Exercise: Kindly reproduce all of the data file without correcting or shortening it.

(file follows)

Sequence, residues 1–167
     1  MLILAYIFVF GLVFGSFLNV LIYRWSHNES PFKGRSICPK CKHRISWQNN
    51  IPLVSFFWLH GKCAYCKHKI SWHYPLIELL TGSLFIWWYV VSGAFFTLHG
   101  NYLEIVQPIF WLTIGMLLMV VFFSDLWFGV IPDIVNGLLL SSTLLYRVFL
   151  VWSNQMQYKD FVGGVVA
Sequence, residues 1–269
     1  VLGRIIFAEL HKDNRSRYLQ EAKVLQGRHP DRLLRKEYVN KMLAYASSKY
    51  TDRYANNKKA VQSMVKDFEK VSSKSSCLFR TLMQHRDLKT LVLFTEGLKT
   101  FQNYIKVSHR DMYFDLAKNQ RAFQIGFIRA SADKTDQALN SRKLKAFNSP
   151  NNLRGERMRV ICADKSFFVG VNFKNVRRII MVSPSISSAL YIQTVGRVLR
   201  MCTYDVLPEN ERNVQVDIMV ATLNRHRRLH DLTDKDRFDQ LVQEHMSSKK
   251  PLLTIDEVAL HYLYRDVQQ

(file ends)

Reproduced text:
Sequence, residues 1–167
     1  MLILAYIFVF GLVFGSFLNV LIYRWSHNES PFKGRSICPK CKHRISWQNN
    51  IPLVSFFWLH GKCAYCKHKI SWHYPLIELL TGSLFIWWYV VSGAFFTLHG
   101  NYLEIVQPIF WLTIGMLLMV VFFSDLWFGV IPDIVNGLLL SSTLLYRVFL
   151  VWSNQMQYKD FVGGVVA
Sequence, residues 1–269
     1  VLGRIIFAEL HKDNRSRYLQ EAKVLQGRHP DRLLRKEYVN KMLAYASSKY
    51  TDRYANNKKA VQSMVKDFEK VSSKSSCLFR TLMQHRDLKT LVLFTEGLKT
   101  FQNYIKVSHR DMYFDLAKNQ RAFQIGFIRA SADKTDQALN SRKLKAFNSP
   151  NNLRGERMRV ICADKSFFVG VNFKNVRRII MVSPSISSAL YIQTVGRVLR
   201  MCTYDVLPEN ERNVQVDIMV ATLNRHRRLH DLTDKDRFDQ LVQEHMSSKK
   251  PLLTIDEVAL HYLYRDVQQ